91. Silvestre C, Mac-Thiong JM, Hilmi R, et al. Complications and Morbidities of Mini-open Anterior Retroperitoneal Lumbar Interbody Fusion: Oblique Lumbar Interbody Fusion in 179 Patients. Asian Spine J. 2012;6:89-97. 
92. Ohtori S, Orita S, Yamauchi K, et al. Mini-Open Anterior Retroperitoneal Lumbar Interbody Fusion: Oblique Lateral Interbody Fusion for Lumbar Spinal Degeneration Disease. Yonsei Med J. 2015;56:1051-9. 
93. Phan K, Mobbs RJ. Oblique lumbar interbody fusion for revision of non-:::::union::::: following prior posterior surgery: a case report. Orthopaedic Surgery. 2015;7(4):364-7.
94. Kowalski RJ, Ferrara LA, Benzel EC. Biomechanics of bone fusion. Neurosurg Focus. 2001;10:E2.
95. Dorward IG, Lenke LG, Stoker GE, et al. Radiographic and Clinical Outcomes of Posterior Column Osteotomies in Spinal Deformity Correction. Spine. 2014;39(11):870–880.
96. Burkus JK, Gornet MF, Dickman CA, et al. Anterior lumbar interbody fusion using rhBMP-2 with tapered interbody cages. J Spinal Disord Tech. 2002;15:337-49. 
97. Pavlov PW, Meijers H, van Limbeek J, et al. Good outcome and restoration of lordosis after anterior lumbar interbody fusion with additional posterior fixation. Spine. 2004;29:1893-9; discussion 1900. 
98. Kim JS, Kang BU, Lee SH, et al. Mini-transforaminal lumbar interbody fusion versus anterior lumbar interbody fusion augmented by percutaneous pedicle screw fixation: a comparison of surgical outcomes in adult low-grade isthmic spondylolisthesis. J Spinal Disord Tech. 2009;22:114-21.
99. Faundez AA, Schwender JD, Safriel Y, et al. Clinical and radiological outcome of anterior-posterior fusion versus transforaminal lumbar interbody fusion for symptomatic disc degeneration: a retrospective comparative study of 133 patients. Eur Spine J. 2009;18:203-11.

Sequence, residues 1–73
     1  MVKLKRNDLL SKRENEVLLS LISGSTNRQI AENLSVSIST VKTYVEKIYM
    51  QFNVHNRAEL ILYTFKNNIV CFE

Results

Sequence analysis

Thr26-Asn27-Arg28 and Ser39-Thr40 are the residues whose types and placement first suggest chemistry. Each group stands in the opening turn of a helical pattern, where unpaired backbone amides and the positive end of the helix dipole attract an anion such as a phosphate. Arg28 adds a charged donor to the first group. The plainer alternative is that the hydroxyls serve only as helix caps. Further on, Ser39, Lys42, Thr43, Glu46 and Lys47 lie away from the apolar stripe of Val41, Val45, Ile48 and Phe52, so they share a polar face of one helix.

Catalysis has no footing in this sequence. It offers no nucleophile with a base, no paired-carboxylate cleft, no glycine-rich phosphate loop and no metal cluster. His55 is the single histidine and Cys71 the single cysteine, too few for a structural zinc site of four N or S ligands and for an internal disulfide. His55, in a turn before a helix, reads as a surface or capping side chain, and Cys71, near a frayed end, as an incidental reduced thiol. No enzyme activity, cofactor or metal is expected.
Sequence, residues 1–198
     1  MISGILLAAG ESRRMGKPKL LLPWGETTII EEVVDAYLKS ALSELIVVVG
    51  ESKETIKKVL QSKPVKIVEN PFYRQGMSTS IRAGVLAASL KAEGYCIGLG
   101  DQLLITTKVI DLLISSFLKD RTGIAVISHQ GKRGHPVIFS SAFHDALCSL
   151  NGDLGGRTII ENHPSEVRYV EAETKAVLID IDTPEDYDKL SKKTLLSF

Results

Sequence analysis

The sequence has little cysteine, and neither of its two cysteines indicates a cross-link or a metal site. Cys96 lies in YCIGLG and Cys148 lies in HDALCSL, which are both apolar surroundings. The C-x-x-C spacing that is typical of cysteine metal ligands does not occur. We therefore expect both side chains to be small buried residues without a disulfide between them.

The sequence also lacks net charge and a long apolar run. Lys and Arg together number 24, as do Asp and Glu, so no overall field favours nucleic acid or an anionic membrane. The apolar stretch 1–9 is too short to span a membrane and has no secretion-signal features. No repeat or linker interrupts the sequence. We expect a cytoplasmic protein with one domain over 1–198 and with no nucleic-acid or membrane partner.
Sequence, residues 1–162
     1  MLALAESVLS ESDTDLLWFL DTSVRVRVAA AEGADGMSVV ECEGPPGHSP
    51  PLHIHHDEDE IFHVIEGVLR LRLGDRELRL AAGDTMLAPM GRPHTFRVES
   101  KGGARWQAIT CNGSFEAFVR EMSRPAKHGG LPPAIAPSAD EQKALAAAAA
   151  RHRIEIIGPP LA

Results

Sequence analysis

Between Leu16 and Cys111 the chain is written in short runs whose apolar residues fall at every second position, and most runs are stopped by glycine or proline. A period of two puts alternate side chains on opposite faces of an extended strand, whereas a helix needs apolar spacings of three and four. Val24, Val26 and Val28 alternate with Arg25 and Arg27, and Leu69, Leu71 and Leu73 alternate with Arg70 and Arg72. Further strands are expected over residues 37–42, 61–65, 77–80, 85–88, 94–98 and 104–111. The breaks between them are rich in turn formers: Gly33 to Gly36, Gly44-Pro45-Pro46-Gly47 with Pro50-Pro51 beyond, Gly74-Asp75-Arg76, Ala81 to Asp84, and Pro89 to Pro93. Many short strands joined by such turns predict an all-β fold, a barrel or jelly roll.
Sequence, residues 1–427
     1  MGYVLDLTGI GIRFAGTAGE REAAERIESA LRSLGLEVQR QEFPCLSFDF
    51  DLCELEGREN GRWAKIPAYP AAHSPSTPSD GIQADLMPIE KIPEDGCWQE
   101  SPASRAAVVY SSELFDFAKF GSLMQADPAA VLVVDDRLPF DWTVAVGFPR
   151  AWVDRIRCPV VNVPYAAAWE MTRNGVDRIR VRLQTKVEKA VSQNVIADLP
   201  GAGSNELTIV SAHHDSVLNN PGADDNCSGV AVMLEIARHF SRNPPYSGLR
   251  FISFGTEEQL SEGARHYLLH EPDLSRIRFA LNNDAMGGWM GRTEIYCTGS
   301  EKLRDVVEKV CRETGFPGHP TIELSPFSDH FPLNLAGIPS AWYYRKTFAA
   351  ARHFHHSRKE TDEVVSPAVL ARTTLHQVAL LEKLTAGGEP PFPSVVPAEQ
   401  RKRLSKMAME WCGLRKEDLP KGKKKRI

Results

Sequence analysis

100. Kanter AS, Mummaneni PV. Minimally invasive spine surgery. Neurosurg Focus. 2008;25(2): E1.
101. Harris EB, Massey P, Lawrence J, et al. Percutaneous techniques for minimally invasive posterior lumbar fusion. Neurosurg Focus. 2008;25:E12.
102. Kan P, Schmidt MH. Minimally invasive thoracoscopic approach for anterior decompression and stabilization of metastatic spine disease. Neurosurg Focus. 2008;25:E8.
103. Assaker R. Minimal access spinal technologies: state-of-the-art, indications, and techniques. Joint Bone Spine. 2004;71:459–69.
104. Foley KT, Gupta SK. Percutaneous pedicle screw fixation of the lumbar spine: preliminary clinical results. J Neurosurg. 2002;97(Suppl. 1):7–12. 
105. Oppenheimer JH, DeCastro I, McDonnell DE. Minimally invasive spine technology and minimally invasive spine surgery: a historical review. Neurosurg Focus. 2009;27:E9. 
106. Holly LT, Schwender JD, Rouben DP, et al. Minimally invasive transforaminal lumbar interbody fusion: indications, technique, and complications. Neurosurg Focus. 2006;20:E6.
Type of Study: Review | Subject: Spine